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Lithium-ion Batteries – Managing the Risk





Rechargeable lithium-ion batteries are now a part of everyday life, in everything from laptops, mobile phones, tablets, and smartwatches to e-scooters and electric cars. This Christmas it’s unlikely you’ll be stealing the batteries from the TV remote, you’ll be looking for a spare USB charger!

Lithium-ion batteries are becoming more popular as the world becomes ever-more technologically advanced and manufacturers focus on sustainability, with the global lithium-ion battery market valued at $46.2 billion in 2022 and expected to grow to $189.4 billion over the next decade.

It’s true that lithium-ion batteries bring numerous benefits, but they also come with risks – and it’s vital that wholesalers and retailers who store and sell products containing these batteries are aware of them.

Insurer NIG have shared the following information, so you’re aware of the risk.

Fire and explosion risk

During normal use, lithium-ion batteries are perfectly safe. However, if they are damaged, a chemical reaction inside the battery can cause the computer chip used to control the charge level to short circuit. This causes the battery to overheat very quickly and can lead to fire. Overcharging, or using the batteries in the wrong piece of equipment, can also cause short-circuiting. Lithium-ion batteries are particularly dangerous as they release a toxic flammable vapour which fuels the fire further and makes it difficult to control. Even if a fire appears to have been extinguished, it could reignite hours or even days later.

In commercial environments, such as warehouses, or waste recycling centres, the sheer volume of lithium-ion batteries near one another means any fires could easily get out of control.

Liability risk

Businesses selling products using lithium-ion batteries could find themselves at risk of product liability claims if products are found to be defective and cause any harm to consumers.

There are also liability risks for businesses transporting batteries or products containing them. Ultimately, it’s the sender’s responsibility to ensure they are packed correctly, labelled appropriately, and transported via the correct means.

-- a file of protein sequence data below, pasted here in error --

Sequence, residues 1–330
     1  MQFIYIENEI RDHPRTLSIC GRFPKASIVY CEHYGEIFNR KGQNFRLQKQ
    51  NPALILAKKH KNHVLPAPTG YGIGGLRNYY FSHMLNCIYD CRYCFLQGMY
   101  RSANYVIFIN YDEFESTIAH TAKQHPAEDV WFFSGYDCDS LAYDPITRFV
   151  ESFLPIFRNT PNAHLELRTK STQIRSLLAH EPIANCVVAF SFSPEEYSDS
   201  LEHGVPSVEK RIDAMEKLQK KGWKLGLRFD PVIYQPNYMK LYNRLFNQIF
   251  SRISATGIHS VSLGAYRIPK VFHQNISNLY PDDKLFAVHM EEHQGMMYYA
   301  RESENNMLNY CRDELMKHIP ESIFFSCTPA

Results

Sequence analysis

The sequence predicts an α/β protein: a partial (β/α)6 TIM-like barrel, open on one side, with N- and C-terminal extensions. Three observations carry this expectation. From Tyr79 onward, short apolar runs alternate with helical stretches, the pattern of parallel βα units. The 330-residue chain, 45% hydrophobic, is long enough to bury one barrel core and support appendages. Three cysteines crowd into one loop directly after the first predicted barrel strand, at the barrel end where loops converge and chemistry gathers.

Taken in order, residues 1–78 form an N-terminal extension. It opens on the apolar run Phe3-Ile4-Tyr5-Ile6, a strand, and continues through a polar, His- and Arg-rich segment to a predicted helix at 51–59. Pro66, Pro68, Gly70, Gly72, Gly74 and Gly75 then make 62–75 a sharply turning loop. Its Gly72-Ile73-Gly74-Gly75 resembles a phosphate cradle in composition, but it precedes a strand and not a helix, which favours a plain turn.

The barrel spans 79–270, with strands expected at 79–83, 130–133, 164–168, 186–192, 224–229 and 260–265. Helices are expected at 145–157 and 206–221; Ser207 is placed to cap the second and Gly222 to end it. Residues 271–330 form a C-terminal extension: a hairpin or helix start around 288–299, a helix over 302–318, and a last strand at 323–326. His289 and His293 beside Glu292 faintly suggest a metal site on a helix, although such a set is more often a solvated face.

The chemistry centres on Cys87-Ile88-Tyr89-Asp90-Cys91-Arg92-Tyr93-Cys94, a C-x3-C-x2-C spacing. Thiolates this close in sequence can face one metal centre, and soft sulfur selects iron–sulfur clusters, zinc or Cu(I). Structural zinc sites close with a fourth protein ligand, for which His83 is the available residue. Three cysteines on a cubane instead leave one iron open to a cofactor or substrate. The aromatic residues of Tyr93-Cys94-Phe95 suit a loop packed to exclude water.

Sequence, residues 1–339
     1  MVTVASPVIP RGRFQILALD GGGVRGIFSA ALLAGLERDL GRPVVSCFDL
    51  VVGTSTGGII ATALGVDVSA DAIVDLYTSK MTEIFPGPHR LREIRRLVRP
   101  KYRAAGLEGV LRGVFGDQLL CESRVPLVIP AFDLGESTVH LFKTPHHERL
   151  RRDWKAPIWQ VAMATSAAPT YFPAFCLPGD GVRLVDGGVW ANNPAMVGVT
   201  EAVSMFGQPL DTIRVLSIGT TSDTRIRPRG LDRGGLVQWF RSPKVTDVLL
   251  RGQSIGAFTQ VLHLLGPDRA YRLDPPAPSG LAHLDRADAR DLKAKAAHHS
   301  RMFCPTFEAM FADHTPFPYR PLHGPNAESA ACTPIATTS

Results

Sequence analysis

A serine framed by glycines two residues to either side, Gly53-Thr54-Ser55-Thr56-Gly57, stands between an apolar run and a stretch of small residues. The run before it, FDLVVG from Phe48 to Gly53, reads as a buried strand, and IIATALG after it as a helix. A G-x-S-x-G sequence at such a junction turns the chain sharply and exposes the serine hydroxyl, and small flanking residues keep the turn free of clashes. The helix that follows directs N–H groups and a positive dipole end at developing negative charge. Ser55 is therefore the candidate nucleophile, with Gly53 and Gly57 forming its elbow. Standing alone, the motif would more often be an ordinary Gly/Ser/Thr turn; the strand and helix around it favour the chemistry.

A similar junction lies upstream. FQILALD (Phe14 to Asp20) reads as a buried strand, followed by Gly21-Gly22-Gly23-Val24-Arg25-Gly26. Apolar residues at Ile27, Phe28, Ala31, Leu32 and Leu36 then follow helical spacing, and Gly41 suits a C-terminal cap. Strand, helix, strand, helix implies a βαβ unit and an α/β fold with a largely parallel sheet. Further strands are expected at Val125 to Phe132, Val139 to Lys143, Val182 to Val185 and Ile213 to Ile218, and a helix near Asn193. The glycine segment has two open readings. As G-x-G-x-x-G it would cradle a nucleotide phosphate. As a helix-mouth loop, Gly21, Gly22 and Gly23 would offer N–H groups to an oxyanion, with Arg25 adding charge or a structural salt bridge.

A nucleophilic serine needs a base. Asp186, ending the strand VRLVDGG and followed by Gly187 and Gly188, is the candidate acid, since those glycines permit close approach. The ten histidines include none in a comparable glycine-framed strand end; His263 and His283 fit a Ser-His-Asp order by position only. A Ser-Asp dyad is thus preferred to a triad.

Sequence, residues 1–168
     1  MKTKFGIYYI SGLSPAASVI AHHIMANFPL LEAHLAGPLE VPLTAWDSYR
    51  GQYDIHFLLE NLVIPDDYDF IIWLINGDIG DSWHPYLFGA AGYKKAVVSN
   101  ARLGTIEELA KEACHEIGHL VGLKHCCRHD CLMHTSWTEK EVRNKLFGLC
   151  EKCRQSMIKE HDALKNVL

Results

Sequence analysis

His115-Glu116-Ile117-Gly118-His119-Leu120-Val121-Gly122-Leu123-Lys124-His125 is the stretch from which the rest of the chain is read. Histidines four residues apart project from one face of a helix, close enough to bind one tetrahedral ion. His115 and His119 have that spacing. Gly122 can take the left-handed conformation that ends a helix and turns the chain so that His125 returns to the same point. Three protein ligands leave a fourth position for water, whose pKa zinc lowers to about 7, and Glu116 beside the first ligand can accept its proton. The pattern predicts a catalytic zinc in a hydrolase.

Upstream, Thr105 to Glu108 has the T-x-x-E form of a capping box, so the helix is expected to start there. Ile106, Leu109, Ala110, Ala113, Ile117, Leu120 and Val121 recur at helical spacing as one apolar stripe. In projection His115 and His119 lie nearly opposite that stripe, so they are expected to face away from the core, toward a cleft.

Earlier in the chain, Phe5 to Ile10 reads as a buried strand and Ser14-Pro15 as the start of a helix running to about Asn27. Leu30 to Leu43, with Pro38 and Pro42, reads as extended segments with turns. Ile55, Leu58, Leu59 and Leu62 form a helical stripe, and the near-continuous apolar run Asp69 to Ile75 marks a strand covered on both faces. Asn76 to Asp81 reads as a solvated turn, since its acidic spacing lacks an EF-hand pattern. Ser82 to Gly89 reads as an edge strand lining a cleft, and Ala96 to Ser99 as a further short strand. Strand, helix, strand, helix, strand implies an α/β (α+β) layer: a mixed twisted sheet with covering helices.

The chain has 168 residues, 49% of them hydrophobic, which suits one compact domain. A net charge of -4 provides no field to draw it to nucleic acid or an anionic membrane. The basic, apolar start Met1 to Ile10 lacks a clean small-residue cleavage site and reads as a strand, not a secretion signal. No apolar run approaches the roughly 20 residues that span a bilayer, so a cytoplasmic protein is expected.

How to manage risk around lithium-ion batteries

There are currently no specific UK guidelines for fire protection of lithium-ion battery storage, however, the Fire Protection Association (FPA) suggests the following:

  • Limit storage area to no greater than 20m2
  • Limit storage height to 1.8m
  • Separate multiple storage areas by aisles a minimum of 3m wide

There are also other measures you can take to help reduce risk, including:

  • Following all manufacturer instructions for usage correctly
  • Never exposing batteries to high temperatures or leaving them in direct sunlight
  • Always use a reputable named brand of charger, designed specifically for the battery you have
  • Looking out for any signs of physical damage
  • Educating your teams around the potential risks and ensuring there is a clear plan if a fire does break out
  • Considering how to safely dispose of batteries, for example away from other waste forms and in a lidded metal container

It’s also essential that any businesses dealing with lithium-ion batteries have a fire risk assessment that covers handling, storage, use, and charging.

If you are storing or selling products containing lithium-ion batteries and need advice or wish to discuss any potential implications for your insurance, just get in touch with your usual Wilsons contact or email [email protected]